This literature review aims to explore the role of telehealth during the COVID-19 pandemic across the interdisciplinary cancer care team.
Electronic databases including CINAHL, MEDLINE, PsychINFO, Scopus, and grey literature were searched using Google Scholar up until September 2020.
While the safe and effective delivery of cancer care via telehealth requires education and training for healthcare professionals and patients, telehealth has provided a timely solution to the barriers caused by the COVID-19 pandemic on the delivery of interdisciplinary cancer services. Globally, evidence has shown that telehealth in cancer care can leverage an innovative response during the COVID-19 pandemic but may provide a long-lasting solution to enable patients to be treated appropriately in their home environment. Telehealth reduces the travel burden on patients for consultation, affords a timely solution to discuss distressing side effects, initiate interventions, and enable possible treatment additions and/or changes.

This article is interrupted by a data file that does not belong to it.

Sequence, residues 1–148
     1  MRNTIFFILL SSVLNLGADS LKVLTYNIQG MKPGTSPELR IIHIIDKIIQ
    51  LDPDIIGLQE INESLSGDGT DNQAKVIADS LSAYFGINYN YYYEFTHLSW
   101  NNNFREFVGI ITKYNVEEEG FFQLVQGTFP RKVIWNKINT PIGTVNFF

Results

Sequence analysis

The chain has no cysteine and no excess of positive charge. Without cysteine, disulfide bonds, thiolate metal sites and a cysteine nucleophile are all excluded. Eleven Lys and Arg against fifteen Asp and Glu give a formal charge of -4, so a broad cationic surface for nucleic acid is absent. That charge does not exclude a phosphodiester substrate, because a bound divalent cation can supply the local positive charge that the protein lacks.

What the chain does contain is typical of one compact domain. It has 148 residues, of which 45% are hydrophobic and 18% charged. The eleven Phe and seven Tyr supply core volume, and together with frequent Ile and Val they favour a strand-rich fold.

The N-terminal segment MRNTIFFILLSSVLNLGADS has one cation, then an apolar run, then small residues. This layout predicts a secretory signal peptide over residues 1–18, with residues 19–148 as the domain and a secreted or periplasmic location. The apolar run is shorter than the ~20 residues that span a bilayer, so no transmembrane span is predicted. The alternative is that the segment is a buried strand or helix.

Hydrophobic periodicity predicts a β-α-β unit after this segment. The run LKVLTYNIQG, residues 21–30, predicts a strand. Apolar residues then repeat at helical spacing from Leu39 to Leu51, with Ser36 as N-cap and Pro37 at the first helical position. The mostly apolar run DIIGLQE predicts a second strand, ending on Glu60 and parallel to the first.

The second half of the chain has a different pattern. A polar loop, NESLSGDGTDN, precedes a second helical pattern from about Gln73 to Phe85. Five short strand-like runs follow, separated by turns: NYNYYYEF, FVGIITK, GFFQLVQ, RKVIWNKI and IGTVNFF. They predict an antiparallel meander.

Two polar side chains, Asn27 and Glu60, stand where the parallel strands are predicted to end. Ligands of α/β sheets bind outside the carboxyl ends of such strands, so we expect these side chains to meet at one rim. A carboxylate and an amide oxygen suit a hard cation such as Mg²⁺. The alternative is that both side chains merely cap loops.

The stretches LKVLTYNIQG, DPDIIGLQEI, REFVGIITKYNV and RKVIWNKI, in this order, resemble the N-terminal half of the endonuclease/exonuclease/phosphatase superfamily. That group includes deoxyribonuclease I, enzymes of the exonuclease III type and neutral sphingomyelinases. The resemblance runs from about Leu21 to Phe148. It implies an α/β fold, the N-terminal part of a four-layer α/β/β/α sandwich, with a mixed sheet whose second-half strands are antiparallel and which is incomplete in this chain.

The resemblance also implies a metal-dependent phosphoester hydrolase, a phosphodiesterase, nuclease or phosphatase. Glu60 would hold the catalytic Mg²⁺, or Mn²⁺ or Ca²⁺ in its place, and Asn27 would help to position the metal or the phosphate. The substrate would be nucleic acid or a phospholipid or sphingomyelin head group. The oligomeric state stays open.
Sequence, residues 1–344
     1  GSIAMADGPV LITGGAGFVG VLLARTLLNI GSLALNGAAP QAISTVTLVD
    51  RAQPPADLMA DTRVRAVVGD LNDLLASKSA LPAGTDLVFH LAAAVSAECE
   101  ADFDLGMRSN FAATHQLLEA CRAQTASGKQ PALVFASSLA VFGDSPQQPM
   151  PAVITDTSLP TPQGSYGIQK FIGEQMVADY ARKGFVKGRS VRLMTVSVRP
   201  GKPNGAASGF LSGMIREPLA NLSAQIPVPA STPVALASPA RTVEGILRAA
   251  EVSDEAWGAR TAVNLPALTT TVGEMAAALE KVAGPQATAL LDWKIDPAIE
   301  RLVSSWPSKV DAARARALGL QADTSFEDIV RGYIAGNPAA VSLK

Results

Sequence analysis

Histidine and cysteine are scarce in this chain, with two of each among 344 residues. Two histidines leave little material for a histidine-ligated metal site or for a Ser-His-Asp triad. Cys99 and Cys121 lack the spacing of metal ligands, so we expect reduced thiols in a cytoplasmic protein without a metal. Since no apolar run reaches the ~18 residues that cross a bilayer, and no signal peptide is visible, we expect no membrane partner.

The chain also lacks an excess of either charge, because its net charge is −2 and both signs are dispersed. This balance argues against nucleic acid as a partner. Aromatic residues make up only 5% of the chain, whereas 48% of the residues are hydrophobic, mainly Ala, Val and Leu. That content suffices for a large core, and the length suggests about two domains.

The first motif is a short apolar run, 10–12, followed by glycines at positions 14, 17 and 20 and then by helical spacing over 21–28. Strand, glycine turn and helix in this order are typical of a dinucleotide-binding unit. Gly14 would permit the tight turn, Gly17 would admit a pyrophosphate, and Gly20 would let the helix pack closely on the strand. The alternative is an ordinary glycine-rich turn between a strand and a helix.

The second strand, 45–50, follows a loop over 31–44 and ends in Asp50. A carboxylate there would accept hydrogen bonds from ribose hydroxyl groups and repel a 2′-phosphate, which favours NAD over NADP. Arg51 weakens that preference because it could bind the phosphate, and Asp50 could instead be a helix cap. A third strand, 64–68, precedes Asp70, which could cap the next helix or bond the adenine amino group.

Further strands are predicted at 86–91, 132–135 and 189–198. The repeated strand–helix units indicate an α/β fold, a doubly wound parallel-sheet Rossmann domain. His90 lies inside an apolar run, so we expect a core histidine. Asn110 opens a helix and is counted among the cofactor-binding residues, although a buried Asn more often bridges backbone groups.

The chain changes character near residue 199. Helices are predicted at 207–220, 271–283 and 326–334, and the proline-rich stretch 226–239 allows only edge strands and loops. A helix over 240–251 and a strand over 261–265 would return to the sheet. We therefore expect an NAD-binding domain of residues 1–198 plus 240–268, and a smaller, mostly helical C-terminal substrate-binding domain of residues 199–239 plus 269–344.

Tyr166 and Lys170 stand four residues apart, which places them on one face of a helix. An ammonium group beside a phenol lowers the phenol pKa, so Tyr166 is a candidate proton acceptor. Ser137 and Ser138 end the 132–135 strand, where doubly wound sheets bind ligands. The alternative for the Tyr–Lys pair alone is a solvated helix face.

Implications for Nursing Practice
Global public health disasters pose significant and unique challenges to the provision of necessary services for people affected by cancer. Oncology nurses can provide a central contribution in the delivery of telehealth through transformational leadership across all domains and settings in cancer care. Oncology nurses provide the “hub of cancer care” safely embedded in the interdisciplinary team. Telehealth provides a solution to the current global health crisis but could also benefit the future provision of services and broad reach clinical trials.